Rant: A breed of well-informed idiot
I’m not liking the peer review system right now. Since I’ve started grad school, I’ve had every one of my papers rejected. This leads me to the following theory: reviewers are some breed of well-informed idiot. They may be smart in the field, but I think they don’t read closely. I know that I’m biased into thinking my writing is top notch and that part of the bias comes from putting an inordinate amount of effort into the product, but the reviewers responses on my most recent rejected paper give me the impression that reviewers didn’t understand what I was trying to sell. It’s probably the case that the well-informed nature of reviewers gives them a selective focus, so that they miss what I’m trying to communicate.
Now, I shouldn’t take the review system too personally, because most of the conferences have a 30% acceptance rate (some 12% even). That means reviewers reject by default. Since many academic teams are producing good work, the competition compounds. You must have good work, it must be well-presented, and the paper must both tickle reviewers fancy and simultaneously avoid offence. However, this string of rejections has left me depressed and one of the reviews picked on a sentence that I felt necessary to include in the paper. So some self-righteous indignation is in order (and what a drug it is!).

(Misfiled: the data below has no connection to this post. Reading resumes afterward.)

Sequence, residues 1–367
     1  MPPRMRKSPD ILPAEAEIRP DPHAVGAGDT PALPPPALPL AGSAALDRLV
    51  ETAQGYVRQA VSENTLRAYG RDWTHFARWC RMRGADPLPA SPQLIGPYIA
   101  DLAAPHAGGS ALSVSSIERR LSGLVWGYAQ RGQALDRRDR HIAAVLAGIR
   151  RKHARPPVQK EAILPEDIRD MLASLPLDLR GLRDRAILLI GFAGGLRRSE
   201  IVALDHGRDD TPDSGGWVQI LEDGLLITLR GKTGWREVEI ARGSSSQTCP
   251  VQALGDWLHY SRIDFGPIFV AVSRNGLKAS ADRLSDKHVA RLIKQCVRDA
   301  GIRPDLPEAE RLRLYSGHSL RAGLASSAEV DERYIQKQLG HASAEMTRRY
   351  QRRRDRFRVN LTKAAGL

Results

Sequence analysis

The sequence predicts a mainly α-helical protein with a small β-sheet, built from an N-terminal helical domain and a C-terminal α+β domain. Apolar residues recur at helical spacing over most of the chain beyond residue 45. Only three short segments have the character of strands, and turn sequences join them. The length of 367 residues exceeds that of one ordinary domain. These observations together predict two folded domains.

My technical writing proceeds very slowly. I hem and haw about what words I’d like to use. I try very hard to produce active sentences in E-prime. I try harder to avoid self-referencing (e.g. ‘this paper’ or ‘this work’) because I feel it distances the reader. After some collection of words finally makes it through these hurdles, I then mill it further. I slice and dice. Rearrange clauses, re-order phrases. Vary words and structure to avoid repetition. Most sentences are rewritten 3 times and contain at least 2 ideas before I can finally move on to the next sentence.
Maybe after this extended and thoughtful process I expect too much of my reader. Many ideas are left implicit or implied. Especially, when those ideas are but one logical step away. Reviewers probably prefer ‘short, declarative sentences’ and have neither the time nor the capacity to read carefully and think critically. After all, they have a whole stack of papers to hand out to their grad students. I shouldn’t expect that they should strain their minds in order to perceive details only tacitly suggested.
labelof operator. All other changes, including the introduction of new
Finally, the last reviewer picked on one of my sentences. If I may quote:
This is one of those sentences that I had to change because, even after going through my rigorous sentence assembly process, my post-docs couldn’t identify what I was trying to say in the first draft. The end result, what you see quoted above, is much more clear, and I assure you, quite meaningful. A four page paper doesn’t give one a whole lot of room, so I had to really cram ideas into this sentence. I’m basically saying, as concisely as I know how, all of the following:
- I don’t want my system to feel foreign to such developers.
- Therefore, it is also design with a functional paradigm interface.
Well that rant was longer than I expected. Self-righteous indignation is a hell of a drug.